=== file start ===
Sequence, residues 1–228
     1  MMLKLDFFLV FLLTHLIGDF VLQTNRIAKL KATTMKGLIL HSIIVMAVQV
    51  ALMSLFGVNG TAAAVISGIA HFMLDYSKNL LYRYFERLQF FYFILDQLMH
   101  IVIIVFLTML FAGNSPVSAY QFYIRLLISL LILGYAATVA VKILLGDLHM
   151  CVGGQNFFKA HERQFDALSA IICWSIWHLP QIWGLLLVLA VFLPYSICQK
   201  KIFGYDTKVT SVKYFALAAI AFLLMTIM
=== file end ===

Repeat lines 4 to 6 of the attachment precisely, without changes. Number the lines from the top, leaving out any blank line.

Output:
   101  IVIIVFLTML FAGNSPVSAY QFYIRLLISL LILGYAATVA VKILLGDLHM
   151  CVGGQNFFKA HERQFDALSA IICWSIWHLP QIWGLLLVLA VFLPYSICQK
   201  KIFGYDTKVT SVKYFALAAI AFLLMTIM